Bill Cooper needed a tonic to soothe his All-Ireland SHC semi-final pain last summer.
Cork's narrow defeat to Limerick in a terrific last-four battle was, he admits, incredibly hard to take.
But the autumn delivered a welcome pick-me-up.
Cooper was at the heart of Imokilly's drive to the Cork SHC title, playing his part as a formidable side - which included Seamus Harnedy, Paudie O’Sullivan and Colm Spillane - swept past Midleton at Páirc Uí Chaoimh in the decider.
Ending the year with a winner's medal in his pocket helped Cooper no end. Now, he's ready to go again.
"It was very disappointing really," he said of the loss to Limerick.
"You go away, lick your wounds and come back with an added energy to try and go one step further.
"We’ve a lot of learnings to take from it. It was bitterly disappointing, there’s no two ways about it. It was a very, very hard couple of weeks after it but, to be fair to Limerick, the best team won.
"That’s the way it is in sport, we have to hold our hands up. We’d no excuses. We will look back on it and say we could have done things differently but when the dust settles, that’s sport. That’s the beauty of it."
Imokilly proved to be a sanctuary.
"Yeah, it did help," he adds. "We’d a strong team. It was my first year, it was a double for some lads. We finished the year positively anyway. It was good."
Cork begin their Division 1A campaign against Kilkenny this weekend. It will be the start of another year of breathtakingly competitive hurling.
A breather in April, and preparations really ramp up for a Munster championship that delivered epic after epic last year.
"[The margins] are very tight, he said. "Any one of six to eight teams can beat each other on a given day. The results showed that last year. Every game, there’s a couple of points in it. That’s the reason you can’t get too far ahead of yourself. It’s very much a game-by-game approach.
"Our focus was on a challenge game with UL last week, and now it’s shifted on to Kilkenny. That’s the way we approach it, even in the championship. You just can’t look too far ahead. It’s all about the league game this weekend.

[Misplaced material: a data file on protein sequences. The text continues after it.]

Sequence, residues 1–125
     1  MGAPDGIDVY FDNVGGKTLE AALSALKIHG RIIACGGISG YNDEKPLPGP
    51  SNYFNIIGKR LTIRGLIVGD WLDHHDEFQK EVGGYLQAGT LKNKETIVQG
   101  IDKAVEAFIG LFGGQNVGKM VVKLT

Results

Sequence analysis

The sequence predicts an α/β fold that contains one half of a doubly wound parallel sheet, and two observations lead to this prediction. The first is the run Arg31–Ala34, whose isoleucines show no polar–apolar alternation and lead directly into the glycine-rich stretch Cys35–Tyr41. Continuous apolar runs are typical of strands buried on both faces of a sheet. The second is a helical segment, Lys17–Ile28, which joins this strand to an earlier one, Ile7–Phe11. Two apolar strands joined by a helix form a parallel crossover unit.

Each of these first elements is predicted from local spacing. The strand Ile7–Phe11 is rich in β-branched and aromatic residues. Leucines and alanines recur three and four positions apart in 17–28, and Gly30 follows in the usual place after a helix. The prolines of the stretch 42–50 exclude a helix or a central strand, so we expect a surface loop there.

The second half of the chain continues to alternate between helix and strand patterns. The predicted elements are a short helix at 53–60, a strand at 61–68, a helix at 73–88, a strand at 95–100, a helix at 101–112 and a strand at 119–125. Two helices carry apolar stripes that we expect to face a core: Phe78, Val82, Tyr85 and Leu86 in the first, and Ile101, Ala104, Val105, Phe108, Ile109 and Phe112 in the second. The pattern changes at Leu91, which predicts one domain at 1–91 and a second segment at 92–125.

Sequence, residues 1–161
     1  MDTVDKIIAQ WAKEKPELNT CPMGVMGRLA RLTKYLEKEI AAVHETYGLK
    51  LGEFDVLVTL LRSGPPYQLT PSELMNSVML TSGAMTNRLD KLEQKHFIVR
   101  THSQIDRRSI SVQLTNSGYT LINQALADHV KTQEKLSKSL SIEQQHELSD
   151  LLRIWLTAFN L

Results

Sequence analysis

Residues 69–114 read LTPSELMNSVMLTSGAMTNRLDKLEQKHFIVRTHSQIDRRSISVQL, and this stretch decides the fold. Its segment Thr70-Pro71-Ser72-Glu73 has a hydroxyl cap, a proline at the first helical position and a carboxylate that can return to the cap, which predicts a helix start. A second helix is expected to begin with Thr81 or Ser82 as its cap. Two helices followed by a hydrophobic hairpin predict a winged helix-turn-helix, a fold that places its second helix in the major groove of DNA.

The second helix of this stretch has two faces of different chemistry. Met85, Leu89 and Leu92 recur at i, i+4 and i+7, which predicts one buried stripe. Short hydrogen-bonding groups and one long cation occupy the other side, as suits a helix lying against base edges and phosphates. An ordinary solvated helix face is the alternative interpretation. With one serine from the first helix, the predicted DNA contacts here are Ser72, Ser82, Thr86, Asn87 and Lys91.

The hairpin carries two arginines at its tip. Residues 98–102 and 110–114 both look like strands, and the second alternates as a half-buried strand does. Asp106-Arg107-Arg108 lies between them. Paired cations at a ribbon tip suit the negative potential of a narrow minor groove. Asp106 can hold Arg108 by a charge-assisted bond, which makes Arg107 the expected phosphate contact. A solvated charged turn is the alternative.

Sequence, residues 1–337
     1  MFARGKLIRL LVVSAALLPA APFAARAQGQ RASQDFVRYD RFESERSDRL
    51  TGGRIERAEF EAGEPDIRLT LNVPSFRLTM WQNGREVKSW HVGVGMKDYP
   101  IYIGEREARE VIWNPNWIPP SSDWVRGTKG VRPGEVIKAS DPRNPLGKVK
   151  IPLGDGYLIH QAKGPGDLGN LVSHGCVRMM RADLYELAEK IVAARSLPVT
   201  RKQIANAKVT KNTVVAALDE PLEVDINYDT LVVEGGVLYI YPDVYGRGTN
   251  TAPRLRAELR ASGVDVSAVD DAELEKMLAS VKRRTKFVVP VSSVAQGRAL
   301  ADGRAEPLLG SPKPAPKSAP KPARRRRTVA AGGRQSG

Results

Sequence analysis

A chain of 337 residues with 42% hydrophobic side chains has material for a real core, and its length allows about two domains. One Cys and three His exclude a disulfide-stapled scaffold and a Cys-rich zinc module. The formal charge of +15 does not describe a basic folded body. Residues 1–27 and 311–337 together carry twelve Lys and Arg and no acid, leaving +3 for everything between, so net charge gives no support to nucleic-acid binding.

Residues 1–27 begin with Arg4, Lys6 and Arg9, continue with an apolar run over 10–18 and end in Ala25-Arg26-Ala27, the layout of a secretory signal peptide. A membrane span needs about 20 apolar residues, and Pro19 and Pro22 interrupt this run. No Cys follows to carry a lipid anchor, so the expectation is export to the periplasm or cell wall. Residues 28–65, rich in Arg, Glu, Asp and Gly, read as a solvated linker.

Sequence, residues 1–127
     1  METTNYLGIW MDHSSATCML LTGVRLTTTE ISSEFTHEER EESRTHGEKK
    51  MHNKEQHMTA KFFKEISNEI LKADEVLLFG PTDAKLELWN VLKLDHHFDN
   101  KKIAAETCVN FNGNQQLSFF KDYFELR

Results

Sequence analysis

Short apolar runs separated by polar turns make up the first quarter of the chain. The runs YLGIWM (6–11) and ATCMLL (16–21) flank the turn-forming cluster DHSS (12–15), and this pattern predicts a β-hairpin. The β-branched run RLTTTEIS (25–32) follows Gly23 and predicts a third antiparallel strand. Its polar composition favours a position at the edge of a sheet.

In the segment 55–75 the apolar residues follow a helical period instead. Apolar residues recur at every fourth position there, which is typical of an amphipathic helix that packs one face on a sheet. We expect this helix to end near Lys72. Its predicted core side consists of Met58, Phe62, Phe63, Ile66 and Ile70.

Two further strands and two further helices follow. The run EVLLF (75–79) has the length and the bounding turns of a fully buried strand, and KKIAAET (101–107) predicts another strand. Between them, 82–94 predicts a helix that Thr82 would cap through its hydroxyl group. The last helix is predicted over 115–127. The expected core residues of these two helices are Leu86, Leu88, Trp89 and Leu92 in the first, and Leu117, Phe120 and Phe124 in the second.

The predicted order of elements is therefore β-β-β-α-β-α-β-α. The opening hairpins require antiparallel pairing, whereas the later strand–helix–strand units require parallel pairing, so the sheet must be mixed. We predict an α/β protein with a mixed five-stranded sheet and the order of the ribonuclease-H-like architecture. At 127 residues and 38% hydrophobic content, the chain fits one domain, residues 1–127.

"It's really fine margins and it's the same for everybody; everybody is trying to find that small few percent.
"It's very important when you are playing inter-county to have that motivation to try and ultimately win an All-Ireland, but it's the same for everybody and I suppose and that's what is probably driving the competition, that so many counties feel like they could go all the way.
"It's brilliant for spectators."
Cooper first came on to the Rebels panel back in 2011, when Denis Walsh was at the helm. A back disc problem ruled him out of the 2012 and '13 seasons but he came back into the fold in 2014 and has been a mainstay ever since.
The 31-year-old Youghal man has seen plenty of changes in his time. After a frustrating couple of years, he believes a rising generation of talent is breathing new life into the side, not least his midfield companion Darragh Fitzgibbon [above].
"Darragh is ferociously talented, a great, great player and brilliant to play with. But the likes of Mark Coleman and Shane Kingston, Robbie O'Flynn, Tim O'Mahoney, lads like that, they are really very good players as well.
"Even this year over the winter there were lads from the Under-17 team a couple years ago brought in, so there is more competition and that can only be good.
"As you get a bit older and a bit more experienced you try to make incremental changes to keep improving. In the last couple of years, with the younger lads who’ve come into the squad, they’ve been a breath of fresh air.
"You can see it from the Under-21s the last couple of years, they’re incredibly talented players. That breathes an extra bit of motivation and competition in to the whole squad."
Is Cork hurling on a positive trajectory?
"Definitely. In 2014, when I came back in, we won Munster and then we’d a couple of disappointing years for different reasons: lads had a lack of form, and it’s so tight as well you can lose a couple of games and it’s very hard to turn things around.
"That’s why the league is very important. You can gain a bit of form and maybe find a couple of players and bring it on to get that consistency, bring that in to the Championship.
"That’s what happened us in 2015, 2016. We came out on the wrong side of a few results early on in the year and then it’s very hard to turn it around."
Fourteen years without an All-Ireland hurling title, Cork have not endured a wait this long in a hundred years.
The quest to end the wait starts now.